Publishing messages

When a message is published (by way of a call to bus.Publish), it’s important to understand what MassTransit actually does under the hood. While the explicit implementation details depend upon the message transport being used, the general pattern is the same.

MassTransit follows the publish subscribe message pattern, where a copy of the message is delivered to each subscriber. The message transport determines how the actual routing is performed, but the conventions of each transport are described below.

Routing on RabbitMQ

RabbitMQ provides powerful routing capabilities out of the box, in the form of exchanges and queues. Exchanges can be bound to queues, as well as other exchanges, making it easy to create a message routing fabric. MassTransit leverages exchanges and queues combined with the .NET type system to connect subscribers to publishers.

MassTransit uses the message type to declare exchanges and exchange bindings that match the hierarchy of types implemented by the message type. Interfaces are declared as separate exchanges (using a fully-qualified type name that is compatible with the naming structure of exchanges) and bound to the published message type exchange. When a message is first published, the exchanges are declared once, and then used for the life of the channel.

Note

Private types, such as classes, are declared as auto-delete so they do not clutter up the exchange namespace.

Once declared, published messages are to the message type exchange, and copies are routed to all the subscribers by RabbitMQ. This approach was based on an article on how to maximize routing performance in RabbitMQ.

This dynamic, type-based routing model has provided very powerful in many large applications. The ability to add new consumers to an existing message publisher is a great way to manage dependencies and keep projects from becoming tightly coupled.

To see how this plays out, consider the following message types:

namespace Company.Messages
{
    public interface CustomerAddressUpdated
    {
    }

    public interface UpdateCustomerAddress
    {
    }

    public class UpdateCustomerAddressCommand :
        UpdateCustomerAddress
    {
    }
}

Once the messages have been published, exchanges are created in RabbitMQ for each of the message types:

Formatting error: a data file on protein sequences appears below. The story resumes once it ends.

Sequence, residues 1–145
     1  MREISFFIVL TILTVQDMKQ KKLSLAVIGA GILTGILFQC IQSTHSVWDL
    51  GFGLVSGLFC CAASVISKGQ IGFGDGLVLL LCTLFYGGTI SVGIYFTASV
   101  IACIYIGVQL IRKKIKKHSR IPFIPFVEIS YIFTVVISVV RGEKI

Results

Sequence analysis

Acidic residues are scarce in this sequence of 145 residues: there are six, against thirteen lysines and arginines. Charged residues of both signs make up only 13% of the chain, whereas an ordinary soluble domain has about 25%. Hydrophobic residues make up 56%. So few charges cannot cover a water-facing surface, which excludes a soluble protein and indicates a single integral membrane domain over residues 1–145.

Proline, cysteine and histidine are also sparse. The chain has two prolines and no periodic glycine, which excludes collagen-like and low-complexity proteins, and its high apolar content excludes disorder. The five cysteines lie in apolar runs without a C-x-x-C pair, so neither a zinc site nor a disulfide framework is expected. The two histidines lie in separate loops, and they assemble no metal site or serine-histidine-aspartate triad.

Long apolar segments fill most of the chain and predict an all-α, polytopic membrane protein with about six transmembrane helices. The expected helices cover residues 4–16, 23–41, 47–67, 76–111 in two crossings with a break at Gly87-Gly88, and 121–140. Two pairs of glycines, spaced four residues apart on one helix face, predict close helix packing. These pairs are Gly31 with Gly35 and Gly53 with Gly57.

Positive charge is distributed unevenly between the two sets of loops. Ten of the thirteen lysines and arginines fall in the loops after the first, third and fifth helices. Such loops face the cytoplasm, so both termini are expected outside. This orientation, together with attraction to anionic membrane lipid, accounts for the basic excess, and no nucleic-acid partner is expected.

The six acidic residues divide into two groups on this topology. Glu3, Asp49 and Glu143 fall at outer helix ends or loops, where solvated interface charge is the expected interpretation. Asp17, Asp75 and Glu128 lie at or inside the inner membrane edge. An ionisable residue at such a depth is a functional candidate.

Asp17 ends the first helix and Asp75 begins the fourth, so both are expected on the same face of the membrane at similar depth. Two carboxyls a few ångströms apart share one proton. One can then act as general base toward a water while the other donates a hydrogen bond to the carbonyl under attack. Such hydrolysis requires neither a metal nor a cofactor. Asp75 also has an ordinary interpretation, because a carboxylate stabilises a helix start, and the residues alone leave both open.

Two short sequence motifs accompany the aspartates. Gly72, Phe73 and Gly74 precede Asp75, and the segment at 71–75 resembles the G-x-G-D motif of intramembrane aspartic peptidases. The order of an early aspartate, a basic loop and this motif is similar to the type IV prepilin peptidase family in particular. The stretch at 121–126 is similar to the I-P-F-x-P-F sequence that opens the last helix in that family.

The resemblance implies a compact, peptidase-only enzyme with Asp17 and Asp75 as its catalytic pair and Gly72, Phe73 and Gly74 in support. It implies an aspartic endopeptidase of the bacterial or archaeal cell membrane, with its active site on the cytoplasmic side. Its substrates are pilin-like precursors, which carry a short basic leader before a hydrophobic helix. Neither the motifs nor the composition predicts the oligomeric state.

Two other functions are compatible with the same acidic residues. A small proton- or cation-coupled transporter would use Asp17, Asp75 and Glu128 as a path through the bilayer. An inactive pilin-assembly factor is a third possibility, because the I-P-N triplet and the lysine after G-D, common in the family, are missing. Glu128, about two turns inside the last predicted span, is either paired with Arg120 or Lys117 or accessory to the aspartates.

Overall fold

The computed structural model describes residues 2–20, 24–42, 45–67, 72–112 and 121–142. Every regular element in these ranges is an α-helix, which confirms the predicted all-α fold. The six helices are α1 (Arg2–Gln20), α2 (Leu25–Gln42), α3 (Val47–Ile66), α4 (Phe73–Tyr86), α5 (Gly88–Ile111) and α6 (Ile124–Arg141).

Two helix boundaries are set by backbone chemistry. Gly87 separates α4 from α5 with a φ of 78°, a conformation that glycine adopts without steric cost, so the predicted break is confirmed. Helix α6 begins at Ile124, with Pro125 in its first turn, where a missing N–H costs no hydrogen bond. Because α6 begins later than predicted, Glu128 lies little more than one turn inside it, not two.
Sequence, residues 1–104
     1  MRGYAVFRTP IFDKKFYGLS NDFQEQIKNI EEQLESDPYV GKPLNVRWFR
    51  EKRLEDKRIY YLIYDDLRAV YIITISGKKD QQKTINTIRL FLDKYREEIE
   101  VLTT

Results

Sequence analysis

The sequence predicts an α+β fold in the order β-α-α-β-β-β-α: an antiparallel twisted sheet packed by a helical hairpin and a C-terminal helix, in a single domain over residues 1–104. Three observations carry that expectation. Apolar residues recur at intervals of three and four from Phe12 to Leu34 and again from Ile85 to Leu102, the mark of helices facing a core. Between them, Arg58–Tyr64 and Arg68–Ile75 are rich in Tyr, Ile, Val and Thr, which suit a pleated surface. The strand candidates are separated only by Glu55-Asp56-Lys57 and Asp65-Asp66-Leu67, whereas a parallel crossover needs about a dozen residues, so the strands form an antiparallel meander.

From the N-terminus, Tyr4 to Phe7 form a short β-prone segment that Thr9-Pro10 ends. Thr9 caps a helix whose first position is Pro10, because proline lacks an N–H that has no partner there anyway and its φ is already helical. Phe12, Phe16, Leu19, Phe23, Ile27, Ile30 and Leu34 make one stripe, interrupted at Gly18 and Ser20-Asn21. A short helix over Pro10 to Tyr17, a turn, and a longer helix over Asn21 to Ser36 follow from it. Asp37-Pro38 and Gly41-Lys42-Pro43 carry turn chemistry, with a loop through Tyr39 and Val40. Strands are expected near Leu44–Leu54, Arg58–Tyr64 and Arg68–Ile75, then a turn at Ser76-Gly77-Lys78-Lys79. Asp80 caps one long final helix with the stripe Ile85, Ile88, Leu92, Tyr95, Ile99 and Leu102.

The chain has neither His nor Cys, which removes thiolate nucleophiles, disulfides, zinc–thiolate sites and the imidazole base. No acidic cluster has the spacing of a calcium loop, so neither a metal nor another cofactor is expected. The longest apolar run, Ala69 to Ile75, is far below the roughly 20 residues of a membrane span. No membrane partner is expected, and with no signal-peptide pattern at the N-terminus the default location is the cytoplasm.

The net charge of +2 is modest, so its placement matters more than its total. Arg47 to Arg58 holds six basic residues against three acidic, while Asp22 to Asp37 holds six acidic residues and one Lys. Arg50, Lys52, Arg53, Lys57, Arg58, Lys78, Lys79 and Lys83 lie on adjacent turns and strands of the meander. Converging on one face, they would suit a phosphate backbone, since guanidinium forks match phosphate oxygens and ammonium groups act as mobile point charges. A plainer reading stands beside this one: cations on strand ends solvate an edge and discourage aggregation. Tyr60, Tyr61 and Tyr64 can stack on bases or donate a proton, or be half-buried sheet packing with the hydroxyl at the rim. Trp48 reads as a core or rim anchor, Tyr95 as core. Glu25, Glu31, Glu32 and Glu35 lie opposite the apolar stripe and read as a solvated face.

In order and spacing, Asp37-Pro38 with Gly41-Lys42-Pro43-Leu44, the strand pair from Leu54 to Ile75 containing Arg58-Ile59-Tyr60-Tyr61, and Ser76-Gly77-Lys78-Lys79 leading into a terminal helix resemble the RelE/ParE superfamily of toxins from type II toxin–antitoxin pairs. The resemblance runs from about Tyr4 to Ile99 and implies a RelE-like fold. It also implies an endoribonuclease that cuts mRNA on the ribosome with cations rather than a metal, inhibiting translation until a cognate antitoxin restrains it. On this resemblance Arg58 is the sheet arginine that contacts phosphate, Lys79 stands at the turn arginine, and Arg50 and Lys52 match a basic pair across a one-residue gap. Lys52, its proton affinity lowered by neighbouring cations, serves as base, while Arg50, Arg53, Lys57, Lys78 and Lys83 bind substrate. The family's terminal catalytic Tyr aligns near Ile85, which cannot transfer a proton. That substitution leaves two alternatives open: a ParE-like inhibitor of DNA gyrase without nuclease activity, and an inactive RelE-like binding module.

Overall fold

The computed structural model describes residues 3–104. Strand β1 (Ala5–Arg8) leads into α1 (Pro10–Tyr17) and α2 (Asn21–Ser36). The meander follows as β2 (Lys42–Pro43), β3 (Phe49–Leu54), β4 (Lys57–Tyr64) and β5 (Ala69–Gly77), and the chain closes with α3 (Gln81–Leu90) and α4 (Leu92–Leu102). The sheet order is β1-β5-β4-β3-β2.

Exchanges

Company.Messages.CustomerAddressUpdated
Company.Messages.UpdateCustomerAddress
Company.Messages.UpdateCustomerAddressCommand
    - Includes a binding to Company.Messages.UpdateCustomerAddress

When a receive endpoint is started, the second half of the exchange/queue binding is performed, where the consumer subscriptions are bound to the consumer message type exchanges, closing the loop.

var busControl = Bus.Factory.CreateUsingRabbitMq(cfg =>
{
    var host = cfg.Host(new Uri("rabbitmq://localhost/"), h =>
    {
        h.Username("guest");
        h.Password("guest");
    });

    cfg.ReceiveEndpoint(host, "customer_update_queue", e =>
    {
        e.Consumer<UpdateCustomerConsumer>();
    });
});

This results in the creation of a queue, as well as a binding to the queue from the UpdateCustomerAddress exchange.

Exchanges

customer_update_queue
    - Includes a binding from Company.Messages.UpdateCustomerAddress

Queues

customer_update_queue
    - Includes a binding from the customer_update_queue exchange

Because RabbitMQ only allows messages to be sent to exchanges, an exchange matching the name of the queue is created and bound to the queue. This makes it easy to send messages directly to the queue using the same name. It’s actually a pretty cool abstraction, and RabbitMQ makes it very flexible by allowing exchange-to-exchange bindings. By keeping the bindings at the exchange level, it eliminates any impact to message flow. Dru shared his experience with this as well.

Balancing the load

Because RabbitMQ is a message broker, it supports multiple readers from the same queue. This makes it super easy to setup a load balancing scenario where the same service is running on multiple servers, each of which is connected to the same queue. As messages arrive on the queue, they are delivered to the first available consumer that can receive the message. To get good load balancing, it’s important to set the `PrefetchCount` to a sensible value so that messages are well distributed.

Routing on Azure Service Bus

MassTransit uses a similar approach for Azure Service Bus, but uses Topics, Subscriptions, and Queues.

Note

More details to come...